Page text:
Everything consumers do has shifted over the past year—and payment preferences are no exception. Even before the pandemic, debit card usage was rising steadily, but it has exploded amid economic uncertainty and concerns about the future. Consumers of all ages from all over want to pay with their debit cards, and when they can’t, they take their business elsewhere.
As a result, merchants who don’t accept all debit card brands risk losing revenue not just in the short term, but in the form of lost lifetime opportunities.
A Merchant Opportunity—and Necessity
Consumers are using debit cards more today than they used to—and it’s easy to see why. Wary of current economic conditions, people are responding by keeping close tabs on what they spend.
Debit offers shoppers a real-time picture of their bank accounts with the convenience of plastic. No wonder it’s among the most popular payment methods. In fact, a 2020 survey conducted by 451 Research found that 9 in 10 people with a bank account use debit cards.1
For merchants, this development represents both an opportunity and a necessity. Consumers want to pay with their preferred method, and debit is clearly among those at the top of the list. But more than one in four (28 percent) respondents to the 2020 survey said they encountered a merchant over the past year that didn’t accept debit cards.1
Nurturing the Customer at Every Stage of the Journey
Of course, the negative customer perception associated with merchant non-acceptance is nothing new. In 2018, a survey found that 38 percent of customers who couldn’t pay with their debit card either spent less at that merchant or made their purchase elsewhere.2 Consumers are even more sensitive now, with 54 percent describing a similar outcome in a 2020 survey. Moreover, one in three consumers placed the blame on the merchants—not card networks, issuers, or payment processors—for not accepting debit cards.2
This fact likely contributed to another important finding: that 70 percent of respondents who encountered a merchant that didn’t accept debit cards said they were unlikely to return to that merchant, up from 55 percent in 2018.2 So, merchants who don’t accept debit aren’t just missing opportunities in the short term. They’re also losing their customers’ loyalty— and the future revenue that comes with it.
Fortunately, most merchants appreciate how important debit is for their business and actually prefer it over cash or check. Case in point: More than three in four merchants, or 77 percent, said they prefer when their customers use debit. 2 And preference for debit was strongest among businesses with 251-1,000 employees, where 82 percent of respondents said they preferred their customers use debit.2
The Trend Is Everywhere— but Geography Matters
Preference for debit has increased throughout the U.S. in the past two years, but the trend is even more pronounced in rural areas—despite the common perception that cash is often king.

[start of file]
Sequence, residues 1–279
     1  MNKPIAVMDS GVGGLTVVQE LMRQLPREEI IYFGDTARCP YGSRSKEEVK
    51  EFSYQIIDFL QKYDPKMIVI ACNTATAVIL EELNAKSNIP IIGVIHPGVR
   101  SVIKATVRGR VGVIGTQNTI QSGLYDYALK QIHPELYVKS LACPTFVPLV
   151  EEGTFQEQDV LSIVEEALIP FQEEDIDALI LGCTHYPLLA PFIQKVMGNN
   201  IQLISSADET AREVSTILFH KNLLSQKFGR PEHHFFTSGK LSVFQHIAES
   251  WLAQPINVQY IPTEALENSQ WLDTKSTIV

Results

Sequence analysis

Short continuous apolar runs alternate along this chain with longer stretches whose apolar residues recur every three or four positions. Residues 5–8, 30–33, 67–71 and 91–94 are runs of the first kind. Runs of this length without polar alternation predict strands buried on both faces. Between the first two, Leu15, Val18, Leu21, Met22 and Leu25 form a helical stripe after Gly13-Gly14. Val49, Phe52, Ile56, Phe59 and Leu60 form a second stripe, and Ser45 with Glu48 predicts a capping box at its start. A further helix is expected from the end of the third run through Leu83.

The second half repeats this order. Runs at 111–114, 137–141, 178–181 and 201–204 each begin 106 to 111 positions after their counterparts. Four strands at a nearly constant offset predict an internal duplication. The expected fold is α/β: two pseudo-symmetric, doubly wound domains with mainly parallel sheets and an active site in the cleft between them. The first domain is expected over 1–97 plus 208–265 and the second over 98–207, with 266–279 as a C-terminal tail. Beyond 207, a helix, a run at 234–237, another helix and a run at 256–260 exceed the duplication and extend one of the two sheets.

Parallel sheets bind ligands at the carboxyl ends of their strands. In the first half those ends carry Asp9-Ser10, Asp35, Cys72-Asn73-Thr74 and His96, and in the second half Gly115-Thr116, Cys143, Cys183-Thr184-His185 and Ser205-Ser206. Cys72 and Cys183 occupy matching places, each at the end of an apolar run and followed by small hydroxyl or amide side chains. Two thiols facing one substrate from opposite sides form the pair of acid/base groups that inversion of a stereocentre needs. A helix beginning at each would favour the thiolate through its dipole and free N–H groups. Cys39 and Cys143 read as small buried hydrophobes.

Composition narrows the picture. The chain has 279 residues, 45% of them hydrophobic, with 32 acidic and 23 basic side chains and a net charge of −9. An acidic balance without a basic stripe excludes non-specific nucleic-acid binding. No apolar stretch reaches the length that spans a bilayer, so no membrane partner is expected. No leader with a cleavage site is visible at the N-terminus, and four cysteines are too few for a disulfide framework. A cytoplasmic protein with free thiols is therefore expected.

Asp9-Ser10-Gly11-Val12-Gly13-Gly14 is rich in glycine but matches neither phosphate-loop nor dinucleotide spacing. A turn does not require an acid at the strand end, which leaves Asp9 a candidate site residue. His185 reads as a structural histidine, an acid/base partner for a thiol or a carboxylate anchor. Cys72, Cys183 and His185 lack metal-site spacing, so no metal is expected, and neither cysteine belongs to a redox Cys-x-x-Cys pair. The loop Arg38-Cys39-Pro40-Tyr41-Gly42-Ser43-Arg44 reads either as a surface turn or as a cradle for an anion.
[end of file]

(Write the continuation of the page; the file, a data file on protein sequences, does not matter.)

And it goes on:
In fact, debit is preferred nearly twice as much as cash in rural areas for everyday transactions. And consumers there prefer debit even more than those in urban or suburban areas: 46 percent of respondents from rural areas said they prefer debit for everyday spending, versus 43 percent of people from metropolitan areas.2
Why does this matter? Because the issuance of debit cards by financial institutions varies widely based on geography. Metropolitan consumers tend to have accounts with national banks, while many rural consumers use community or regional banks. In fact, 47 percent of survey respondents in rural areas are customers of these smaller banks compared with just 35 percent in metropolitan areas.2
That’s why it’s imperative that merchants accept all card brands. Regardless of location, broad acceptance is the only way for merchants to capture every potential transaction from all potential customers. Because checkout isn’t just the final bookend in the customer journey—it’s a make-or- break moment. And the consequences of a negative interaction are severe and long-lasting.
What’s more, with debit’s growing popularity among all demographics, there’s no reason to believe this phenomenon will change.
A Win-Win Situation
The pandemic has certainly contributed to the upswing in debit usage, as consumers have good reason to monitor their finances more carefully than before. But this isn’t just a fleeting trend. Increases in debit preference—including for contactless and card-not-present payments in-store and online—are expected to continue.
The opportunity for merchants is clear: Make the payment process as easy as possible by accepting all debit card brands, and advertise this fact clearly in-store and online. Sixty-nine percent of Discover Cardholders3 look for signage before deciding on a merchant, and 73 percent of Discover Cardholders3 look for signage before paying.4
What does this mean for merchants? An increased base of loyal, lifetime customers—and increased revenue, both now and in the future.
For more information on Discover® Debit and to test your terminal for Discover® card acceptance, click here.
To order free signage, click here.
1451 Research, November 2020. Debit Cards Drive Commerce: 2020 Edition. Merchant and Consumer Insights on Debit Card Usage and Acceptance.
2 451 Research, November 2020. Debit Cards Drive Commerce: 2020 Edition. Merchant and Consumer Insights on Debit Card Usage and Acceptance.
3 Discover Cardholders who have traveled internationally in the past 24 months.
4 C+R Research Study of 1,200 Discover Cardholders, July 2020, commissioned by DFS Services LLC.
The information provided herein is sponsored by Discover® Global Network. It is intended for informational purposes, and is not intended as a substitute for professional advice.